Many men think their boredom imposes a conversational obligation on the people around them. They’re also wrong.
However, since I — feminine villain that I am — have stolen from you the eternal delight that comes, apparently, from striking up random conversations with women you don’t know, here are some alternative activities.
Instead of using your energy to conversationally engage with women you don’t know who have shown no interest in engaging with you, how about using your energy to engage your imagination, in these ways:
- Imagine that whenever you go to the park to walk the circular track, you keep a running tally of how many people are with you, and if they are “safe.” Women are safe. Couples are safe. Men alone are not safe.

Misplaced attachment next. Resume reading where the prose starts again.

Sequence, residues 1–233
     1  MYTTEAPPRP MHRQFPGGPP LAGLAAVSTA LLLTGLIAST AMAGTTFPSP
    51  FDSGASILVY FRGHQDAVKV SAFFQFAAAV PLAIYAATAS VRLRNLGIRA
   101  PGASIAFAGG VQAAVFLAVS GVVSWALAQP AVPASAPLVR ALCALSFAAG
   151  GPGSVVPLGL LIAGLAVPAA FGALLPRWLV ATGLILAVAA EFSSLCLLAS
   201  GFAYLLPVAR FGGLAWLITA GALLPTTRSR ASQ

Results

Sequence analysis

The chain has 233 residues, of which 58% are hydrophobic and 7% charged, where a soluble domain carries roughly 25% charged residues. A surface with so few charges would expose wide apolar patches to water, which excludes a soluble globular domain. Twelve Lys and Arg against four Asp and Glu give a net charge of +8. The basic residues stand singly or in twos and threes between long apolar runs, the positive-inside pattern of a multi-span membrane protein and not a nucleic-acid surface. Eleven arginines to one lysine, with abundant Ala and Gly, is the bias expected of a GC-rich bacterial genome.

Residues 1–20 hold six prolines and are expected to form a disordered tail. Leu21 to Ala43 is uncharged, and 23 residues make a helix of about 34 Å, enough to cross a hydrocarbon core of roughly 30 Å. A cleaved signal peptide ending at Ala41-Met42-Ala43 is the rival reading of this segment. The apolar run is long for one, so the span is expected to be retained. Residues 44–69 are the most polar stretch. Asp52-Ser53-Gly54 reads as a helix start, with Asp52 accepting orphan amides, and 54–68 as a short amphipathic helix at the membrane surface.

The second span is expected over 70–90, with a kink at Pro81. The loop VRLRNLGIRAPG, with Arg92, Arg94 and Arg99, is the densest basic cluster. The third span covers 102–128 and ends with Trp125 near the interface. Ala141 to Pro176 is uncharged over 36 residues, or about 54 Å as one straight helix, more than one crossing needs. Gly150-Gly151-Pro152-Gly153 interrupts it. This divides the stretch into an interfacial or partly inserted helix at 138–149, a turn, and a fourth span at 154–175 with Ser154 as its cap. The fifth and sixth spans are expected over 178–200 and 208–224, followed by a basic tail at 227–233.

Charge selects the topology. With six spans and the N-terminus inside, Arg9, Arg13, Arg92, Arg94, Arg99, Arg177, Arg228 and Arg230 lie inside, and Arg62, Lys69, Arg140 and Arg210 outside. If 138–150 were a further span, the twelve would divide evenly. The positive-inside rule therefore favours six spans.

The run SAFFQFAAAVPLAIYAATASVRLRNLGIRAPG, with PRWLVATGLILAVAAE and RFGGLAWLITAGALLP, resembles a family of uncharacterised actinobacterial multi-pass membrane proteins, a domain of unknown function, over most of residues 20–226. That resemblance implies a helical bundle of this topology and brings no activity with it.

- Imagine that when you are walking the track, you calculate your best exit strategy, just in case. Just in case one more person leaves and you find yourself at the track with only one other person: a man. He’s probably fine, he’s probably harmless, he’s probably a good guy. But you don’t know, so, just in case, you better have a plan. Is it better to stand still and scream or run as fast as you can? Does it make more sense to run for your car or to run for the restaurant two blocks away?
- Imagine how your heart starts pounding, involuntarily, when you realize everyone else has left and it’s just you and that man, who’s been jogging slower and slower, who’s jogging so slowly now, in fact, that you’re about to catch up with him, about to be beside him, and what should you do? Do you drop your walking pace slower and slower? Or speed up and try to pass him? But then he’ll be behind you and you can’t keep an eye on his movement. Damn it. Maybe you should cut your walk short and go home.